“And they shall teach my people the difference between the holy and profane, and cause them to discern between the unclean and the clean.” — Ezekiel 44:23
Over the years, our family has had several tropical fish aquariums. Our children found the wide variety of fish shapes and colors intriguing, and we enjoyed the calming effect of watching the fish swim about in the tank. However, we learned that it takes a fair amount of work to properly maintain the tank environment and keep the fish healthy!
One of the most critical tasks was keeping the water and tank clean, and a number of steps were necessary to ensure that. The water had to be purified from any chemicals harmful to fish before the fish were added to the tank, so we installed a recirculation pump with filters: a sponge filter to remove impurities that could be seen, and a charcoal filter to remove impurities that could not be seen. We discovered that it is important to keep the chemical balance (pH) of the water correct for the particular species of fish. We carefully watched for signs of algae in the tank, and removed it whenever it appeared. When those steps were taken, we enjoyed an eye-catching scene of tranquility right in our living room. When the necessary steps were neglected, the results were cloudy water, algae growing on the tank walls, and eventually, dead fish. The difference between clean and unclean water was a life or death matter for the inhabitants of our tank!
In today’s text, Ezekiel outlined regulations regarding the Temple in restored Israel, and requirements for those who would serve as priests in it. Our focus verse summarizes the priests’ primary duty: to teach God’s people “the difference between the holy and profane, and cause them to discern between the unclean and the clean.”
Historically, God had intended that His people thrive in the land of promise as a separate and pure people. Before Judah’s destruction, one of His accusations against the house of Israel was that they had failed to preserve the sanctity of the Temple (see Ezekiel 8). Such neglect would not be tolerated in the new Temple. God gave instructions for proper worship and explicit directions regarding how to keep worship pure. These instructions included both obvious things that could be seen, and the less obvious attitudes of the heart.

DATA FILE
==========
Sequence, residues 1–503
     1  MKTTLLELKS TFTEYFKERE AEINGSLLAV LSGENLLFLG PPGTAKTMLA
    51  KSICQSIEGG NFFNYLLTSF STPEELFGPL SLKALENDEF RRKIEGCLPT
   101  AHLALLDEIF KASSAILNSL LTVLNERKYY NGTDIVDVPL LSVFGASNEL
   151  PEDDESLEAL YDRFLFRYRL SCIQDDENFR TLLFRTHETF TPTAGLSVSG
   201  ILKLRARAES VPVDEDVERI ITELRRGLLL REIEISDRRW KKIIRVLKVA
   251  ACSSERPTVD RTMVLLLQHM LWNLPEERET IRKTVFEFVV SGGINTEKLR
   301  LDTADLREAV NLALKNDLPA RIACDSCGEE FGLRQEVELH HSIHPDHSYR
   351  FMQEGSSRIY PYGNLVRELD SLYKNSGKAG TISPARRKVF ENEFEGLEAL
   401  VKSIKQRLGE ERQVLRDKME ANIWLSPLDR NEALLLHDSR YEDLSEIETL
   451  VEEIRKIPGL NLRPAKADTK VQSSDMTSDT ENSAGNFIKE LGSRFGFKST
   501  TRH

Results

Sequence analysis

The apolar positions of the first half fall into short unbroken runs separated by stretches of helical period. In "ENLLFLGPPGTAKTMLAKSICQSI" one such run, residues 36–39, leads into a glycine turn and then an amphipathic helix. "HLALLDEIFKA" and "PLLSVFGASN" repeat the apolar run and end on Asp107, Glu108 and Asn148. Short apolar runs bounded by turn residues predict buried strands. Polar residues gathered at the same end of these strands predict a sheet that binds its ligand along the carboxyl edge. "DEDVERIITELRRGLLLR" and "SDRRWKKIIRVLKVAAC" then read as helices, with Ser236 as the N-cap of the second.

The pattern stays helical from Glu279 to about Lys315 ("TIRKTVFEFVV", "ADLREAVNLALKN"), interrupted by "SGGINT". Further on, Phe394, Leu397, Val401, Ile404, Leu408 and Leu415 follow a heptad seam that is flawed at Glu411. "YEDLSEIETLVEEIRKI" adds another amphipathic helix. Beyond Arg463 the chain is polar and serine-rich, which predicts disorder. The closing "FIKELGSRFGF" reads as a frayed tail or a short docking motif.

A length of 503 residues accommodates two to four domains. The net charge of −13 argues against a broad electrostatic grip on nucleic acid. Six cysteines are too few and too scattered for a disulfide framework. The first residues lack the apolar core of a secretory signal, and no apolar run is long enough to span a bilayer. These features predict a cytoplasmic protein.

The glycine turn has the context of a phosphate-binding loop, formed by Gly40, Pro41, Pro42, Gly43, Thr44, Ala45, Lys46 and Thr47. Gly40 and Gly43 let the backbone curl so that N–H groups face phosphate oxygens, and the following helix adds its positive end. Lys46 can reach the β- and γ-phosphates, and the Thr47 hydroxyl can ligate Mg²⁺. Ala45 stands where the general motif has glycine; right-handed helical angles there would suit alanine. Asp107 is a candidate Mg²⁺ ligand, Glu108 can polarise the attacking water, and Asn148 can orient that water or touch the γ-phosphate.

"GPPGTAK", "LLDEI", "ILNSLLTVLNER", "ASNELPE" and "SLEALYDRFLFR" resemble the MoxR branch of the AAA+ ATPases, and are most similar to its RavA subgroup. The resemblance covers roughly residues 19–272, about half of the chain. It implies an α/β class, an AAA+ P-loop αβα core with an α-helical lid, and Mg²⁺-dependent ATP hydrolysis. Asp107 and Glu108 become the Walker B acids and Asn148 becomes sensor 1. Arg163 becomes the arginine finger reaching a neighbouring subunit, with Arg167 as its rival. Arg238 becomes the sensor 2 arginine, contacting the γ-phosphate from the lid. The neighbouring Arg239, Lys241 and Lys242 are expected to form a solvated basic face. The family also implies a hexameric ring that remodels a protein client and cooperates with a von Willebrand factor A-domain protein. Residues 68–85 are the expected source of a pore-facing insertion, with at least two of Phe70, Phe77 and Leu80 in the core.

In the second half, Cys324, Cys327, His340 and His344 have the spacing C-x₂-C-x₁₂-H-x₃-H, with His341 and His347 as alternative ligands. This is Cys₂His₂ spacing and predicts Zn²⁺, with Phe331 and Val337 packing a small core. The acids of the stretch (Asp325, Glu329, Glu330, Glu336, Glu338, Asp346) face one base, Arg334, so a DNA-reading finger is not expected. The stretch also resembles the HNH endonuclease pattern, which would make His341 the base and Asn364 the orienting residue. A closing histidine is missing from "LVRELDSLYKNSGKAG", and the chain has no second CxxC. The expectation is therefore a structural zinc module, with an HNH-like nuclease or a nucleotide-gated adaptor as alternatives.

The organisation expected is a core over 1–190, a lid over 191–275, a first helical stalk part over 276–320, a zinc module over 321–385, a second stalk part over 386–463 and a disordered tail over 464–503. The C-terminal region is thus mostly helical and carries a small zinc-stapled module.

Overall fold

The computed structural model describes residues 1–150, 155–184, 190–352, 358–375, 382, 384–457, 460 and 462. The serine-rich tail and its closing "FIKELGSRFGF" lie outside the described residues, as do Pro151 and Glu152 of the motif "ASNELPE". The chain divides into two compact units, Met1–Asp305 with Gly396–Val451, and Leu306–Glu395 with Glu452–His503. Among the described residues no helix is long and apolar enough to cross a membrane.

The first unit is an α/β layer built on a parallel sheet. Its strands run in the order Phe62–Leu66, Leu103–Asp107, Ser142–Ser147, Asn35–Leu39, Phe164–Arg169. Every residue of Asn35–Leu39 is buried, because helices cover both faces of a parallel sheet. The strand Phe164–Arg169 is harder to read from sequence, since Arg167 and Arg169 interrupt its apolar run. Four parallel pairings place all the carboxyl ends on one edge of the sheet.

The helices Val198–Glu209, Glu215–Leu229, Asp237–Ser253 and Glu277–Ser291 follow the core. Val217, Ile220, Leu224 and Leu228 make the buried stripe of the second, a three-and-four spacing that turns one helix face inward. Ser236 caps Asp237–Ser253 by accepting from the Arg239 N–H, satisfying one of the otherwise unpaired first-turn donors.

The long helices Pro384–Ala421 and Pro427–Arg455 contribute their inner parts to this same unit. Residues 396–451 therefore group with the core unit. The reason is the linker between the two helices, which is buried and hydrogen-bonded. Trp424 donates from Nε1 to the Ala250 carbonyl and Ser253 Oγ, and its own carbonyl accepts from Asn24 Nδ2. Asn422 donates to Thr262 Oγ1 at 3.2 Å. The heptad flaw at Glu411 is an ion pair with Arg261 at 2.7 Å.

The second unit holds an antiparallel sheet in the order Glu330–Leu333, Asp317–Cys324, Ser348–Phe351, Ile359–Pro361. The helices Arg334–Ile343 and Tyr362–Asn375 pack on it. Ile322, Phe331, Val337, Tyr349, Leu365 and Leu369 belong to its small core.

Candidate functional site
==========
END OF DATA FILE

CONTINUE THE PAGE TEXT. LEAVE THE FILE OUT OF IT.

The importance of maintaining holiness and purity before God is no less vital in our day. In our personal lives, this begins with salvation from sin, which removes the stain and guilt of committed sins. Entire sanctification is a second, definite work of grace that will cleanse and purify our unseen motives and attitudes. This state of heart cleanliness is sustained by taking careful note of the difference between the “clean and unclean” in the world around us, and asking for God’s help in avoiding any contaminating influences. Purity is not something that we can afford to overlook or neglect. It is a matter of spiritual life or death!
Chapter 44 outlines regulations for worship in the new Temple. The guidelines and restrictions primarily applied to four groups: the prince, strangers, Levites, and priests. Given directly by “the Lord God,” these guidelines closely paralleled what Ezekiel had learned about worship from the Law of Moses, though in some cases, the new requirements were even more exacting.
The restriction on usage of the eastern gate was a command not covered in the Law. Because the Lord had entered the Temple from the east (see chapter 43), that ground was sacred, and the gate was to remain closed. Only the prince could enter the outer court from that direction.